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Union slams “outrageous” costing as London Fire Brigade’s spend on Redbridge stations revealed

PUBLISHED: 07:00 25 January 2019 | UPDATED: 07:23 25 January 2019

Hainault Fire Station. Picture: Steve Poston

Hainault Fire Station. Picture: Steve Poston

Archant

London Fire Brigade spent more than £350,000 on Redbridge’s fire stations over four years, including on a kitchen refurbishment that went £31,000 over budget.

Freedom of Information data obtained by the Recorder showed the brigade has shelled out a total of £11.8m in upgrades to its estate since 2015, with £351,135 spent on jobs in Redbridge.

The Fire Brigades Union has slammed the “ludicrous” amount spent on works after firefighters have faced years of real-terms pay cuts.

But an LFB spokesperson insisted the works were justified, saying its stations “require robust and industrial-standard equipment as they are in constant use and must be built to last.”

Among the works paid for in Redbridge was £140,863 for a new kitchen for Hainault Fire Station, which was finished by Essex-based firm B Nokes in March 2017 and was expected to cost £109,173.

The brigade is also set to pay £192,255 for roof works at Hainault while replacement doors to the appliance bay cost £66,940 to install over 12 months.

Regular contractor Smith & O’Sullivan was paid £31,234 to redecorate Ilford Fire Station, and an LED lighting upgrade at Ilford cost £27,020.

A replacement boiler at Woodford Fire Station cost £12,525 and the water heating system was also replaced to the tune of £20,709.

Elsewhere LFB spent £1.2m re-fitting its Union Street headquarters, including £134,510 on the shower rooms and £222,848 on replacement chillers that took one day to install.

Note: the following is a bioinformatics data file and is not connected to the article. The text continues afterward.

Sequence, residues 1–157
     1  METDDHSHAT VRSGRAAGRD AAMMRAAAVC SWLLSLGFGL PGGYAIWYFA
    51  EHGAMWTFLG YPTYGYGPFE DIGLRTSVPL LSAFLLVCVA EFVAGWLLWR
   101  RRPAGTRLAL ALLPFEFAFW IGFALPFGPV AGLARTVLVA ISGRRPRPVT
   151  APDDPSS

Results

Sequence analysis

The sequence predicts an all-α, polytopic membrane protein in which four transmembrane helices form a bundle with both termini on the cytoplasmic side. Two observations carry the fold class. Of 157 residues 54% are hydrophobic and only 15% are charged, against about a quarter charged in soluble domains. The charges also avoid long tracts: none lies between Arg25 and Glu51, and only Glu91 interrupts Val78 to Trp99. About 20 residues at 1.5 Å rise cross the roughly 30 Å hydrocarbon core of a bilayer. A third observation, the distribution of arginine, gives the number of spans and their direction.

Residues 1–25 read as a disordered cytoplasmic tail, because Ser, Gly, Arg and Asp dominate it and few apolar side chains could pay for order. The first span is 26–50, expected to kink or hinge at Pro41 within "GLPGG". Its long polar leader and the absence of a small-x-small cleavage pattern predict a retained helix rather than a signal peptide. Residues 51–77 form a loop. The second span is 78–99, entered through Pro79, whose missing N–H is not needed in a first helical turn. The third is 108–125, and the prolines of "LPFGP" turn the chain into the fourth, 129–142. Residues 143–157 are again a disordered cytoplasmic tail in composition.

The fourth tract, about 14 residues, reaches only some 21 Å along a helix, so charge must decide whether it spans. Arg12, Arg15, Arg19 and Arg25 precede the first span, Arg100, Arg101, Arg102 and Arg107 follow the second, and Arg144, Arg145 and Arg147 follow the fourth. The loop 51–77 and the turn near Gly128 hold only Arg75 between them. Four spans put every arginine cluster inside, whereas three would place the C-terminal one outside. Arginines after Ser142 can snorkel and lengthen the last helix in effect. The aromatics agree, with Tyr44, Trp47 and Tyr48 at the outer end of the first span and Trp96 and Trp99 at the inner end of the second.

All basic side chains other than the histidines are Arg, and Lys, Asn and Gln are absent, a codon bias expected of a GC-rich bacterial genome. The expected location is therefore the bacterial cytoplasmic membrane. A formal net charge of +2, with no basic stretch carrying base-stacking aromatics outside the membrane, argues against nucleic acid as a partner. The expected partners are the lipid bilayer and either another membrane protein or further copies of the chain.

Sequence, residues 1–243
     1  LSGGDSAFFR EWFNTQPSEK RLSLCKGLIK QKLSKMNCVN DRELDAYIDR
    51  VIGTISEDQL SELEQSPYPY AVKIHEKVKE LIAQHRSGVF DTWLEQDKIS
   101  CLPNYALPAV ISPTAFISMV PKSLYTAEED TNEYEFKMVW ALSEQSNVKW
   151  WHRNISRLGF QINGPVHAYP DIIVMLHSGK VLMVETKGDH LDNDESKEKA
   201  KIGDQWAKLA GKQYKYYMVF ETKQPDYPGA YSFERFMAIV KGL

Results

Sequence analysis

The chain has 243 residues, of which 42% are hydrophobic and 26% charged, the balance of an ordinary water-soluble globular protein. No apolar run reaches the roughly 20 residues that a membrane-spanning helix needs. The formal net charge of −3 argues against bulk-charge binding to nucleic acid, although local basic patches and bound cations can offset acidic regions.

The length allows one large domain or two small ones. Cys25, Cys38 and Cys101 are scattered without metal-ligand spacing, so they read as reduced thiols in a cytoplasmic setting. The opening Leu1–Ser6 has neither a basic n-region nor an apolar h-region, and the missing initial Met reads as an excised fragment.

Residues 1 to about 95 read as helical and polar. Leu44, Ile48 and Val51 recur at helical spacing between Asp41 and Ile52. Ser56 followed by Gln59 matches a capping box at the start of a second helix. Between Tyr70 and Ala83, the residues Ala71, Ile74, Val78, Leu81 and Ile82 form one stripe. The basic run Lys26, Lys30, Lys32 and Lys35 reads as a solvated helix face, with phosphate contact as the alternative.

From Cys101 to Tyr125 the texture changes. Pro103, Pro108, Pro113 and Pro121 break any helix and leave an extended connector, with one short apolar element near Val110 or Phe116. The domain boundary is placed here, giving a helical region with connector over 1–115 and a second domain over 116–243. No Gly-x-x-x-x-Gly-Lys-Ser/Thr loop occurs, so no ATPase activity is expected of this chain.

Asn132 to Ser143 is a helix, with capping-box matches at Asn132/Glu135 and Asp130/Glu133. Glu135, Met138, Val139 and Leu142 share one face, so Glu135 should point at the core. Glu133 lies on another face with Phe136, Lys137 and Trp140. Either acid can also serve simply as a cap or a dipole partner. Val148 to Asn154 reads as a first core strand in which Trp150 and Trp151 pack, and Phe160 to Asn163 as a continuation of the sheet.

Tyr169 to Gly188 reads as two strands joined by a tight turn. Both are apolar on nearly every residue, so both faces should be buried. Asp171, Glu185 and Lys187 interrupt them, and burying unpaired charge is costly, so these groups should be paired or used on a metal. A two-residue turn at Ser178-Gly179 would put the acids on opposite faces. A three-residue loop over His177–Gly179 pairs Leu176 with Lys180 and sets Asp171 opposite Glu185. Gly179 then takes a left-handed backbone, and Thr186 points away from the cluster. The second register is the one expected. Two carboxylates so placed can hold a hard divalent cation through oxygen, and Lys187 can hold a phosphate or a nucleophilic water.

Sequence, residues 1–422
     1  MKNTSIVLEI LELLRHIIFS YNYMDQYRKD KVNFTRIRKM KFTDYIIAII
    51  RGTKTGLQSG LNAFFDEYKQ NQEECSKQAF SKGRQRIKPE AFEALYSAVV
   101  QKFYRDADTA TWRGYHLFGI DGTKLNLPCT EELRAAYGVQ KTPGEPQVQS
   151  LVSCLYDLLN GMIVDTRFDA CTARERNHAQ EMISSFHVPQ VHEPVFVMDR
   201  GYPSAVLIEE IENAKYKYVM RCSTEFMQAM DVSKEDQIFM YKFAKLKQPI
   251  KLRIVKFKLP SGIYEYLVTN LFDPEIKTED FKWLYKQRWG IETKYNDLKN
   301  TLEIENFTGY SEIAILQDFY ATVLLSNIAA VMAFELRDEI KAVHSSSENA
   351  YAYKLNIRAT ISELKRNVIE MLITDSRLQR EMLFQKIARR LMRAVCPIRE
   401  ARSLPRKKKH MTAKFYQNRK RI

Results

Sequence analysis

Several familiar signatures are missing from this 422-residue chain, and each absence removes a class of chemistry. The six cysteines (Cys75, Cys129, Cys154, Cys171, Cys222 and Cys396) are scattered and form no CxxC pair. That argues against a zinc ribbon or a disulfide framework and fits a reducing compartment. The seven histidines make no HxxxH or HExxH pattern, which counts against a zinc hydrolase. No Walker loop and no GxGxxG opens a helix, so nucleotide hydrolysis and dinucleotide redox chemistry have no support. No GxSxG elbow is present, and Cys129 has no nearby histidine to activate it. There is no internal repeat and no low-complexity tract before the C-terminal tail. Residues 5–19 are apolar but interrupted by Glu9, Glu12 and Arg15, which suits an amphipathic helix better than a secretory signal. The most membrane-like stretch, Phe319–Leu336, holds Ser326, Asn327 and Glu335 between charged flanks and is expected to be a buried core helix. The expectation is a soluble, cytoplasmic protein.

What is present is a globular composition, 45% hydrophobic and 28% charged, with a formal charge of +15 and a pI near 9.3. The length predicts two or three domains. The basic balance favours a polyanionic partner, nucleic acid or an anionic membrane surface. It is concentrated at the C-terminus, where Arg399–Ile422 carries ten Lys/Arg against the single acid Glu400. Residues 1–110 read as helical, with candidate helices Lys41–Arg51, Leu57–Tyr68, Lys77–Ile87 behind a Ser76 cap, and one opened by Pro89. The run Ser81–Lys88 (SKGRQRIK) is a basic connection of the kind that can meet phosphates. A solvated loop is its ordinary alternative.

The re-fit took place so that the brigade could sublet part of the buildings and by 2015 had already led to £9.8m being raised in revenue from the tenant.

It is also set to fork out £87,000 on waterless urinals for 41 sites and £584,000 on electric charge points for its fire engines.

A small cluster of companies have received the lion’s share of high-value works, with six firms receiving almost £6m for their work across the estate.

At Poplar Fire Station in East London, a firm charged £30 to remove two toasters from their boxes and plug them in.

Gareth Beeton, London regional chair of the Fire Brigades Union, said members had raised concerns about work at their local stations.

Mr Beeton said: “In this time of restricted budgets from central government, it’s absolutely outrageous they are spending all this money.

“How are they deciding who needs to do the work and how to get the best deal? It seems ludicrous how much they are spending on small jobs, and bizarre how they allocate them.”

In recent years firefighters have been subject to a one per cent pay cap in line with other public sector workers, and in 2018 were offered a two per cent pay increase, compared to 3.5 per cent for teachers and some NHS staff.

A London-based firefighter, who asked not to be named, said: “We’ve had years of pay cuts; my wages have decreased by roughly 14 per cent since 2010.

“It’s been a running joke that any job that the fire brigade takes on, you might as well double the number and they’ll pay it. Even though it’s not our money, it’s absolutely our money; my taxes pay my wages.”

An LFB spokesperson said LFB cannot use the money raised from capital for non-capital projects, so money for refurbishing fire stations cannot be diverted to staff payment.

They said: “Firefighter pay is based on a national framework and individual fire and rescue services have to work within these structures.

“All contracts follow a competitive tendering process common to all GLA organisations.

In respect of the toasters, they added: “The main contractor was responsible for accepting delivery, unpack, install and verify the operation of new kitchen appliances. They were also responsible of disposing all packaging and therefore have to hold a waste transfer licence.”

Barry Nokes, director of B Nokes, said the works had come about as a result of a competitive tender exercise, adding that if his firm had won the majority of tenders, it was because it offered the best value for money.

He added: “As a small contractor, I would regard this is a positive achievement, having successfully tendered for the works that we have completed and being giving the opportunity to compete against other companies, where 95% of my work force is based in North East London, it is undoubtedly good for local jobs.

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